Dealing with mean behaviour can be challenging, but responding with emotional intelligence can help diffuse conflicts and maintain your composure. Here are five ways to act in an emotionally intelligent way when confronted with such behaviour:
- Stay Calm and Composed: Maintain your emotional balance by staying calm and composed in the face of mean behaviour. Take deep breaths and avoid reacting impulsively. This helps you think clearly and respond effectively without escalating the situation.
- Practice Empathy: Try to understand the underlying reasons behind the person’s behaviour. Often, people who act mean may be dealing with their own insecurities or personal issues. By empathizing with their situation, you can respond in a more compassionate and understanding manner.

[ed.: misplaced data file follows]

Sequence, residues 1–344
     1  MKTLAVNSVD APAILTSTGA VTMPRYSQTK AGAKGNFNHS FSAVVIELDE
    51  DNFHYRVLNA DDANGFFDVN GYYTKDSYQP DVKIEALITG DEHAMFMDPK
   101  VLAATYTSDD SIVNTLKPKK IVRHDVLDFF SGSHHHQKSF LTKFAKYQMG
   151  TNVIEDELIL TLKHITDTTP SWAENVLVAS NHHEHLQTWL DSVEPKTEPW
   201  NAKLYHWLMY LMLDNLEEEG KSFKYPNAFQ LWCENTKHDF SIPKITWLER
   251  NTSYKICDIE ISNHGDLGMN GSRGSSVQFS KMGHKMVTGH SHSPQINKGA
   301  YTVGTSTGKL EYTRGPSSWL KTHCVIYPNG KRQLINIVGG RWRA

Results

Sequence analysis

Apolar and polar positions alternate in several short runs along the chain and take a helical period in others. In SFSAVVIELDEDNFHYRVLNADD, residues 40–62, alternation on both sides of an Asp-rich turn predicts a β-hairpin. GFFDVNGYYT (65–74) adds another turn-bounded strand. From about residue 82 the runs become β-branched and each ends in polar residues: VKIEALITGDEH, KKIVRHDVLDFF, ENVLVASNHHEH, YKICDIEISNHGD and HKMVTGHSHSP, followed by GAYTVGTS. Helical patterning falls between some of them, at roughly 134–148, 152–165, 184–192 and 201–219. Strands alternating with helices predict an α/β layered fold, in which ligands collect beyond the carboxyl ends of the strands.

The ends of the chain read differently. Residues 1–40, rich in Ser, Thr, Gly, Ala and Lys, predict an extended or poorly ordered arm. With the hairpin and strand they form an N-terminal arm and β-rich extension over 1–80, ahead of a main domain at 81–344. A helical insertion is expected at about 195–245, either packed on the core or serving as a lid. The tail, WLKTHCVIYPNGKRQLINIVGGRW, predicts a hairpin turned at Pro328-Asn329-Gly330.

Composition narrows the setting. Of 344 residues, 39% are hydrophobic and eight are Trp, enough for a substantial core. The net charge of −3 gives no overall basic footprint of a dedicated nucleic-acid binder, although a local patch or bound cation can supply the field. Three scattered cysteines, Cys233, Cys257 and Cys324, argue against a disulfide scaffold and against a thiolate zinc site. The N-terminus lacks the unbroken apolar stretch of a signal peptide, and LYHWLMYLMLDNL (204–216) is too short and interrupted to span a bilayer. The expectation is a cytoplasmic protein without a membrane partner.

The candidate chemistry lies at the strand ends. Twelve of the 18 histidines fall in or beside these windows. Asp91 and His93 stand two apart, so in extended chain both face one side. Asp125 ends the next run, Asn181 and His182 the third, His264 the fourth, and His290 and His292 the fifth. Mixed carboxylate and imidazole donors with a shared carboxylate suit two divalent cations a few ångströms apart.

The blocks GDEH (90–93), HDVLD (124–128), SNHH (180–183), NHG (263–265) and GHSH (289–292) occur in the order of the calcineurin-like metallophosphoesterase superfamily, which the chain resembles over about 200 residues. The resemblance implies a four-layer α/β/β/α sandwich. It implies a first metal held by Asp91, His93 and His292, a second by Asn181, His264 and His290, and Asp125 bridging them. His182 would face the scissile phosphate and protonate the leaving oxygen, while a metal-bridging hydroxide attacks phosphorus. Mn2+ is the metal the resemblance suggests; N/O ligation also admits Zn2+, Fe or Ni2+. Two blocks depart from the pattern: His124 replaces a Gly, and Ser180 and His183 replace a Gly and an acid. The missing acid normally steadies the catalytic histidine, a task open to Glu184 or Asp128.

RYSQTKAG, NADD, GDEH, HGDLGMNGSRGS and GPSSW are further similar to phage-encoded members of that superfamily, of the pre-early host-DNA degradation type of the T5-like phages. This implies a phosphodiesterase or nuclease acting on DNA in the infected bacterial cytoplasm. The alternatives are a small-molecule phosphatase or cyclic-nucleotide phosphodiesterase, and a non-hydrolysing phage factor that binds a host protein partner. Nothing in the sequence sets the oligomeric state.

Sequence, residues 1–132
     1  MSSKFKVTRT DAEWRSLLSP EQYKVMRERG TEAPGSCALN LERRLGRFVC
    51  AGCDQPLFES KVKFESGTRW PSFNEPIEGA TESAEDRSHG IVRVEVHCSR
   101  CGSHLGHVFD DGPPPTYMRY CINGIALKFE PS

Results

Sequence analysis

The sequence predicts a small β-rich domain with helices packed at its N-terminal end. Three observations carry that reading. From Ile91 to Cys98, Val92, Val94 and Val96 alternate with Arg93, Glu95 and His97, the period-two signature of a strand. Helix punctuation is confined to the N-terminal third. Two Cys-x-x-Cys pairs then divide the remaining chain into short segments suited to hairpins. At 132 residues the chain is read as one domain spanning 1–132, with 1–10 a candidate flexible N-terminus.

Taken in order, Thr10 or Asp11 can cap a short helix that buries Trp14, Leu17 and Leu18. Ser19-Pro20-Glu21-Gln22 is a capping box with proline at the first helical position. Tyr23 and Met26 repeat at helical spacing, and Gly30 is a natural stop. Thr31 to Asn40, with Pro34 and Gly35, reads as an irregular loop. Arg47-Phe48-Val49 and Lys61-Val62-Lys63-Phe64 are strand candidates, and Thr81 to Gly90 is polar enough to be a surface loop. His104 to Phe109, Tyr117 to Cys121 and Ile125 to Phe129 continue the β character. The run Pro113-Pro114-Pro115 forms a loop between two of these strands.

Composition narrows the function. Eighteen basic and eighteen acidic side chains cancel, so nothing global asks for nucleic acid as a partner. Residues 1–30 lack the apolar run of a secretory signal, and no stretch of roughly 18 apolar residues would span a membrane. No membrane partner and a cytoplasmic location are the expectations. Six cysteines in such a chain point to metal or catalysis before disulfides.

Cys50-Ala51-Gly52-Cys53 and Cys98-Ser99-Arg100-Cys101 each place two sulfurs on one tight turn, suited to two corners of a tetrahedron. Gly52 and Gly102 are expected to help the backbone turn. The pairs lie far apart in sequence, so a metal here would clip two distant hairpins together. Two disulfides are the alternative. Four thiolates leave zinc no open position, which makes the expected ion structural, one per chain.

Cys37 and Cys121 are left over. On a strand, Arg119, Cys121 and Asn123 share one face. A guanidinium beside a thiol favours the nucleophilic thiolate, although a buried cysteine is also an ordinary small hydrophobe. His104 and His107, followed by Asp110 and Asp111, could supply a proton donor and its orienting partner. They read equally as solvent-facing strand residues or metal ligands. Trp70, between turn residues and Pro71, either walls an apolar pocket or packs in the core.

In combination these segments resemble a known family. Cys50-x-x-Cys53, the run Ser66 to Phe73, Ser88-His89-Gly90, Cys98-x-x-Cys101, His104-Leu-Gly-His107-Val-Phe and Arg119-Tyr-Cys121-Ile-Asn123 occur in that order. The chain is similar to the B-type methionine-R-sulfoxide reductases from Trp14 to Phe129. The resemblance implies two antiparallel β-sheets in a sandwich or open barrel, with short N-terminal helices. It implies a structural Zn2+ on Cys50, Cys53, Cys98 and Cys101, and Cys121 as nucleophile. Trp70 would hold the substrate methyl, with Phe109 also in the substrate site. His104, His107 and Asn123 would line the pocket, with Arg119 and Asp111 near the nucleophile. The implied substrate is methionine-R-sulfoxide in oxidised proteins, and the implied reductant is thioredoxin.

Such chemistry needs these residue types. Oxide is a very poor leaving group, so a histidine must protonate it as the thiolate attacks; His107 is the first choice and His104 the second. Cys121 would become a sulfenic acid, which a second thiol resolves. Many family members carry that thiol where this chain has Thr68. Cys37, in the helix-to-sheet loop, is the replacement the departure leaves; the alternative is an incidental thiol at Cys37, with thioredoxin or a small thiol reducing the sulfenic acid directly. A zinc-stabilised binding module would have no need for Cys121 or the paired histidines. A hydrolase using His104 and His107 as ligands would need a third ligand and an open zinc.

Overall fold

- Set Boundaries: Firmly and respectfully establish your boundaries. Let the person know that their behaviour is not acceptable to you, and you expect to be treated with respect. Use “I” statements to express your feelings, such as “I feel hurt when you say/do this.”
- Use Active Listening: Listen actively to what the person is saying without interrupting. Show that you are genuinely interested in their perspective, even if you disagree. This can help de-escalate the situation and create an environment where they may be more open to constructive communication.
- Choose Your Battles Wisely: Not every mean comment or action requires a response. Sometimes, it’s best to ignore minor incidents and not give them the attention they seek. Focus your energy on addressing the more significant issues or conflicts that truly matter to you.